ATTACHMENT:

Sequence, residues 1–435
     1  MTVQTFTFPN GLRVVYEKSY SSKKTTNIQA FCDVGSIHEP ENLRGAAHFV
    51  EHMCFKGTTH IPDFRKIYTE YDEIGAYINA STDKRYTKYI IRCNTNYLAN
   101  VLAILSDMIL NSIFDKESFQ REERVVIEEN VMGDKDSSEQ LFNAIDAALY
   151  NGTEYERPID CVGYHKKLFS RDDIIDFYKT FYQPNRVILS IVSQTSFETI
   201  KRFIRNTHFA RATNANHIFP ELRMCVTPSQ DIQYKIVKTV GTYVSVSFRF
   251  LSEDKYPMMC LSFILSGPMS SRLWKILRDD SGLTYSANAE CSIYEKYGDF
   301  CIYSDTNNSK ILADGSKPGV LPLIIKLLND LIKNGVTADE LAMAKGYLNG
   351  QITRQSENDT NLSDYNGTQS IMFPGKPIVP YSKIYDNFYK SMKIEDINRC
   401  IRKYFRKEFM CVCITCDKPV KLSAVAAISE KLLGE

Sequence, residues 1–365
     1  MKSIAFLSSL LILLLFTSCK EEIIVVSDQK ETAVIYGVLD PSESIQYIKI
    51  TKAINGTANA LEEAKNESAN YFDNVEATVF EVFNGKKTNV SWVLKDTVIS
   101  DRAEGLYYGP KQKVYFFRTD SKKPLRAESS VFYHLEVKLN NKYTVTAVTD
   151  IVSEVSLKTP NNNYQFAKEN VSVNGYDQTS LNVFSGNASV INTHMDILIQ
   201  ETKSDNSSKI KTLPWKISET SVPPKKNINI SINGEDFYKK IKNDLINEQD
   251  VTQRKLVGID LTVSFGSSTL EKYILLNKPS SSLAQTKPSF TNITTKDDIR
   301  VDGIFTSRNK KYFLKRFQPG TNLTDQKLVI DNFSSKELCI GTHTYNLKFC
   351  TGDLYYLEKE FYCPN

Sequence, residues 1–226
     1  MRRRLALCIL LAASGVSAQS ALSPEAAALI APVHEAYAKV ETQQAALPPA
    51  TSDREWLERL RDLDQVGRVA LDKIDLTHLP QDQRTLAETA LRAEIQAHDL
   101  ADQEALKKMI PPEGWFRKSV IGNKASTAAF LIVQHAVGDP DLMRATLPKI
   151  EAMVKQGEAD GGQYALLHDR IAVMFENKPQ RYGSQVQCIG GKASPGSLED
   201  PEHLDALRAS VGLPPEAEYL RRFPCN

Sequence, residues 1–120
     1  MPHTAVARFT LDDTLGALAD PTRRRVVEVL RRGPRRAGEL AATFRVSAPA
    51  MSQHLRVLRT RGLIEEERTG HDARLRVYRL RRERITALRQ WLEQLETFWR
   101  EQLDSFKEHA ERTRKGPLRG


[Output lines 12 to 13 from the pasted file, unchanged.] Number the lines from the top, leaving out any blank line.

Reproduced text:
     1  MKSIAFLSSL LILLLFTSCK EEIIVVSDQK ETAVIYGVLD PSESIQYIKI
    51  TKAINGTANA LEEAKNESAN YFDNVEATVF EVFNGKKTNV SWVLKDTVIS